Youssef Chahine’s 1963 film Saladin the Victorious was shot in Ultrascope for a beautiful widescreen aspect ratio, and the film’s color is equally striking. The first battle sequence makes effective use of both of these elements in unusual ways.
The psychopathic Renaud commands his troops to attack a group of pilgrims as they pray. In the absence of sophisticated fx Chahine uses a fast-paced montage replete with swish pans and rack-focus shots to capture the violence of Crusaders descending on unarmed civilians. In an era before the advent of more sophisticated versions of theatrical blood the wounded bleed a startling, vivid red. Here’s an image I pulled from another blog to give you a sense of the scale and color. Though it’s dominated by cooler blues note the red bits.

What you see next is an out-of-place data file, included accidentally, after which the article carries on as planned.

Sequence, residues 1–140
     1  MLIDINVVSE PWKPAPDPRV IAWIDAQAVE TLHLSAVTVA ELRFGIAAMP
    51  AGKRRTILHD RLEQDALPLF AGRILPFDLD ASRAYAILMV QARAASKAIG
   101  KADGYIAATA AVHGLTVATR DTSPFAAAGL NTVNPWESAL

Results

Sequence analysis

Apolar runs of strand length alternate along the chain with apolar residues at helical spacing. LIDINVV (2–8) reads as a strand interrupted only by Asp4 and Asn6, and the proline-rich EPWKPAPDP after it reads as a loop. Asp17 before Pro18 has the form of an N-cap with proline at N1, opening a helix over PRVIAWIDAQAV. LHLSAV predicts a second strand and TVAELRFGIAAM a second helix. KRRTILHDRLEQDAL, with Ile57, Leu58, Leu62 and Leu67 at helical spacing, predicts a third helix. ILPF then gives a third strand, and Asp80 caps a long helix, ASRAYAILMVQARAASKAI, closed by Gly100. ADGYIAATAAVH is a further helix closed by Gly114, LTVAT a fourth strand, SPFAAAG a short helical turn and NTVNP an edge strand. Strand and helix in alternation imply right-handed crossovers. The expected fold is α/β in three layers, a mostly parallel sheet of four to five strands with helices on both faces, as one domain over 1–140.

I’m still learning how to teach online. The last lecture I don’t consider particularly effective and I think that from now on I’m going to post multiple, very short lectures instead of trying to adhere to a longer format which probably only works face to face in real time.
Ideally you’ll be learning the human geography of the Crusades, the dates of events, the names of the major figures, big picture stuff, etc. in addition to thinking about historiography as a form of narrative-making that shapes contemporary understanding of the present and the past.